• I felt I should correct the factual error and the glaring omission in your post, Barrie.

      “A man takes a girlfriend after his marriage fails”. Not according to Tatiana Smurova-Bolton. She and their two pre-school daughters only found out the marriage had ‘failed’ on Christmas Eve. Henry Bolton’s relationship with Jo Marney had already started before that.

      “She posts some private stuff to a former boyfriend”. The nature of that “private stuff”? The most extraordinary racist guff I’ve seen in years, that would have made Enoch Powell’s 1968 constituents blush. And Henry is still seeing her despite that.

  7. 60% bullsh*t ,30% exaggeration, 10% bad moustache….

  8. By the pricking of my thumbs,
    Something wicked this way comes.

  9. I could have misunderstood but it sounds as though Mr Munford would be happy for his wife, daughters and granddaughters to be forced by law to wear the hijab, and for his own life to governed by Sharia Law rather than by English Law. That is what lies ahead of us. It may take another 30 to 50 years but it’s coming.

  10. “What has Henry Bolton done wrong?” is, with respect, not the critical question.

    The key question for him is “Should I stay or should I go?”** Likewise for the rest of us.

    In answering that question, our only consideration must be what is best (“least worst”, rather, alas) for UKIP. A functional party to fight for Brexit is needed more now than ever before.

    So, it isn’t critical whether or not Henry’s done anything wrong. It is critical whether his going will damage UKIP less than his staying.

    Sorry, I don’t see things as monochromatically as some, and I don’t do conspiracy theories unless, like our American “allies”, everything else at all plausible has been tried and eliminated.

    Until January 13, I thought it, on balance, less damaging to retain the status quo.

    On receipt of new information on that date, I changed my mind, and a few hours later put my name to a letter to Henry and the NEC to that effect.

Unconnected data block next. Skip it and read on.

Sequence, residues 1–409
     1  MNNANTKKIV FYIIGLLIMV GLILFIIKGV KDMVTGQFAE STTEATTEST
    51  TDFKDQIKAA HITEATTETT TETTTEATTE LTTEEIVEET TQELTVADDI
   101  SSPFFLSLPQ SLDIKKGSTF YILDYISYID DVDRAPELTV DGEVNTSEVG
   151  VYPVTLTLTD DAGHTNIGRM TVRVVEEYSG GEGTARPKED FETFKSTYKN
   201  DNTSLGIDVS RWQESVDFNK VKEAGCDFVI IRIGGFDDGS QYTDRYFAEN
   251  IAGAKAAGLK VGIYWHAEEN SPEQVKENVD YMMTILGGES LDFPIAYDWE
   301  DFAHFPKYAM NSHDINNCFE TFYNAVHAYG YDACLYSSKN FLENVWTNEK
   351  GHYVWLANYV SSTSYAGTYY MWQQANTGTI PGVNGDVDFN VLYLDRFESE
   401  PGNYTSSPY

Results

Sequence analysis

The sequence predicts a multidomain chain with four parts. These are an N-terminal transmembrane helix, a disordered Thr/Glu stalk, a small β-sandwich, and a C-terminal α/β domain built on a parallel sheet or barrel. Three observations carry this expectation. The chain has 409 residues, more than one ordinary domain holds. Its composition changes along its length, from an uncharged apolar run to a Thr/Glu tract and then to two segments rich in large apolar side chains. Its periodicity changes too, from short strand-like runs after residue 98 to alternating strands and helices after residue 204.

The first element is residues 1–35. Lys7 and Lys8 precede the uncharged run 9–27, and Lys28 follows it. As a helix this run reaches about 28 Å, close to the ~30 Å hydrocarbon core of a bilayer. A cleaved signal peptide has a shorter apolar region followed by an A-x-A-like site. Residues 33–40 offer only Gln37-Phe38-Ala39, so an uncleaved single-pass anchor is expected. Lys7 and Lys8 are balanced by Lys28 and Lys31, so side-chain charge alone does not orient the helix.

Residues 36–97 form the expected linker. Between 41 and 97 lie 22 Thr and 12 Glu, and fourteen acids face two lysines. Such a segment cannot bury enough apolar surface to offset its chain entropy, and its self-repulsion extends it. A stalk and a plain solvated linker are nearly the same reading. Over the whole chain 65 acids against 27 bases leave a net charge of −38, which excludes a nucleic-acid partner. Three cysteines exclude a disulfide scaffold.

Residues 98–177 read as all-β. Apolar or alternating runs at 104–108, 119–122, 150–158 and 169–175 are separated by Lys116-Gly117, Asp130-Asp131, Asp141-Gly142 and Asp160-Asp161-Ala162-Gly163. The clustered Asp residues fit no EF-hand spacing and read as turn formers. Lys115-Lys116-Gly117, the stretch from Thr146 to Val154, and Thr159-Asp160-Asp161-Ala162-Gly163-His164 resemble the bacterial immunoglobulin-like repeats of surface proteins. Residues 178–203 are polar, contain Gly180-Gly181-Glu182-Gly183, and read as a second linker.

What a waste.

    “Darling you got to let me know
    Should I stay or should I go?
    If you say that you are mine
    I’ll be here ’til the end of time…”
    (Combat Rock, by The Clash, 1982)

    • Freddie

      Is UKIP going to be the functional party that will fight for Brexit and then disappear from the public view. I want to see a post Brexit UKIP that will in the mean time ensure that the UK does not have a messed up Brexit.

      I renewed my membership because Bolton wantsUKIP to become a serious UK political party. If, like the EU, UKIP does not move forward it will die. I did not vote for Bolton, I will thank those who did, because I liked his leader’s talk in Derby last year. He now has (or had) the forward vision that was lacking in last year leadership hustings.

      At the moment Bolton is very quiet except for appearing on a couple of BBC programs. I have basically given up reading UKIP news and I rely on UKIP Daily. I do not and will not use Facebook as a means of communication.

      All of UKIP’s present problems cannot be laid at Bolton’s door the same as the Article 50 debarcle cannot be laid at May’s door. UKIP’s problem lies with its ineffective lines of communication and the previous leader’s failure to address the problem. Like the EU there is a divide between the leadership and its members. We know that the EU will not change, is UKIP emulating the EU by not changing. There are UKIP members who live outside the M25.

      Finally give Bolton a chance to pove he can do the job. Who else would you want as a leader? Your choice and mine will probably differ.


      • We have common ground.

        I’ll go even further than you – most of UKIP’s problems can’t be laid at Henry’s door. They are rooted in the past. It is possible for a person to be an inspiring orator and strategic thinker, but also to be an appallingly poor judge of character, with a desire to interfere in or thwart internal democratic process or opposition, thereby – on occasion – throwing up eminently unsuitable people to be in key positions.

        ’nuff said, and I apologise for my unqualified-hero-worship gene being missing.

        I concede that democracy occasionally also produces wrong results**, but on average it remains less damaging than its alternatives.

        To answer your concluding question, and putting the cart before the horse – I do not have a clear vision as to who would make the best Leader. I have strong views about who shouldn’t.

        Gerard Batten is the only credible choice for an Interim Leader, and I am confident that the sig line in Paul Oakden’s email of last night was a typo.

        Interim Pot-stirrer

        ** “The best argument against democracy is a five-minute conversation with the average voter.” – Winston Churchill

        • Freddy,

          I think we should vote for a ‘black gay muslim’ as our next leader, do you know anyone who fits that bill?